Members of the Aboriginal community have good reason to feel marginalized and disrespected. For many years, I visited my best friend’s cottage at Hope Bay. The eastern half of Hope Bay Road went into the Cape Croker Reserve and on this land were some 70 cottages; the Reserve Band wanted to control the rental income from these properties but Indian Affairs in a bureaucratic affront had refused to allow it. In January 2007, the Band closed their portion of Hope Bay Road and denied access to these properties. Nothing changed. Why? I found it fundamentally disrespectful to not allow the Chippewas of Nawash to fully control and develop their own unceded territory. Recently, these cottages had to be demolished.

    For over 50 years we have known about mercury pollution on the Grassy Narrows Reserve but nothing has been done despite the debilitating effects of mercury poisoning. Had this happened in a town in southern Ontario do you think we would have been waiting 50 years? But when protesters showed up at a Liberal fundraiser, Trudeau mocked them by thanking them for their cheque–this was not respectful. Similarly, we can promise to provide clean drinking water on the Reserves—after how many years? And did the present government fully follow through? No–more disrespect.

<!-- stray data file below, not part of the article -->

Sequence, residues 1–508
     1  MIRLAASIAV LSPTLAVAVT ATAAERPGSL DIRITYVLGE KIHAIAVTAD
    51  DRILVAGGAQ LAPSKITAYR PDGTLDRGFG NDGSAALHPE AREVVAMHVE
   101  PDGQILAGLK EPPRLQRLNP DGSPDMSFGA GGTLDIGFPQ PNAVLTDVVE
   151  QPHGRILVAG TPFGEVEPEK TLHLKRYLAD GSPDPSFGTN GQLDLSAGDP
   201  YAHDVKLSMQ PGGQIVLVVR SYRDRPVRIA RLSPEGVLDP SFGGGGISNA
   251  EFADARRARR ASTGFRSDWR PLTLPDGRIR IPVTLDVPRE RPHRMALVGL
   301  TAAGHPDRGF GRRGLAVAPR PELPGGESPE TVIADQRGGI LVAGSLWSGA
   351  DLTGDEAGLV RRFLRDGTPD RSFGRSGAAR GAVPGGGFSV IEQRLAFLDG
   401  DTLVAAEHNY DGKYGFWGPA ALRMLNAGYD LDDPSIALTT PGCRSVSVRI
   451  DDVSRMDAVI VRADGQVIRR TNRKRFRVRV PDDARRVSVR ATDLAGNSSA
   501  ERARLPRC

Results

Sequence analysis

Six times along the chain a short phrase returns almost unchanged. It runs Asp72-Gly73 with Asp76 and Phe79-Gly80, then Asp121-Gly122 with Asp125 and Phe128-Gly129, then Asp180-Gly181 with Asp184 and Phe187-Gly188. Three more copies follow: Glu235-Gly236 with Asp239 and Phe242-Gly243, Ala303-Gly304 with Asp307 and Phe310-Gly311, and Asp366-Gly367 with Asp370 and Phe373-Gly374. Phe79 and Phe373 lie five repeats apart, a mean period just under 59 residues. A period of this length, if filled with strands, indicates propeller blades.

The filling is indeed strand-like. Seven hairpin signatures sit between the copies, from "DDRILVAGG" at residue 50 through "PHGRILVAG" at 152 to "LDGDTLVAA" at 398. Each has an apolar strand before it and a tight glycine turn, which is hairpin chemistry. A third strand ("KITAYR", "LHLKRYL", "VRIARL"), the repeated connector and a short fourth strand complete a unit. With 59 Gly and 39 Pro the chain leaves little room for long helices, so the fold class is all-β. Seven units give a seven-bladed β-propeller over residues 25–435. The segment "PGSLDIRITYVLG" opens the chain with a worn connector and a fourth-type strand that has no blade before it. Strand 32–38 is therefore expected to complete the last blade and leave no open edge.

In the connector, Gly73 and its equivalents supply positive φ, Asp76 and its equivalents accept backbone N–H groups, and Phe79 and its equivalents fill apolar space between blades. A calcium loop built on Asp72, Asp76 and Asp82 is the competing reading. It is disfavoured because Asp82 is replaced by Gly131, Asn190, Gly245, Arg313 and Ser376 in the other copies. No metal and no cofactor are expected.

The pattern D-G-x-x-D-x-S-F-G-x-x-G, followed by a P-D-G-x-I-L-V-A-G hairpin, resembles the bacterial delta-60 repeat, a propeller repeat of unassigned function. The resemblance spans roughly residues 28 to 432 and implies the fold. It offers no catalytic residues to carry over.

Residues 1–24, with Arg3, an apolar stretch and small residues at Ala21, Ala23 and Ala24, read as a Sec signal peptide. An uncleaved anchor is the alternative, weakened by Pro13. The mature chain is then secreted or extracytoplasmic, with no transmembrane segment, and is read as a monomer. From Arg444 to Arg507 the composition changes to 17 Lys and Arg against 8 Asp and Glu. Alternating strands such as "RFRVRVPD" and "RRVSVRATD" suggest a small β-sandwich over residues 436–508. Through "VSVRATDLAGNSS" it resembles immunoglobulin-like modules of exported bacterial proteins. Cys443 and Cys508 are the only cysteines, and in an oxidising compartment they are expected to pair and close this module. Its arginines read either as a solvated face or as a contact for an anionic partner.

And now we are dealing with the tragedy at the Residential Schools, although it is not news. We have known about this for long years but just ignored it. Again no respect.

    And we certainly aren’t going to get to the point of having a full conversation with the Aboriginal nations in this country when churches and statues are being vandalized. In fairness, I doubt very much that the Aboriginal community is behind much of this vandalism but it is driving a wedge–I have to applaud Perry Bellegarde and Cowessess First Nation Chief Delorme, both of whom recognize that confrontation and vandalism are not constructive.

    Certainly we have reached a point in our history when the dialogue needs to be genuine, not to score political points, and concrete actions need to be taken to start healing the rifts. On this last point, I harken back to my grandfather in Yorkshire who frequently preached, “I may doubt what you say, but I believe what you do”.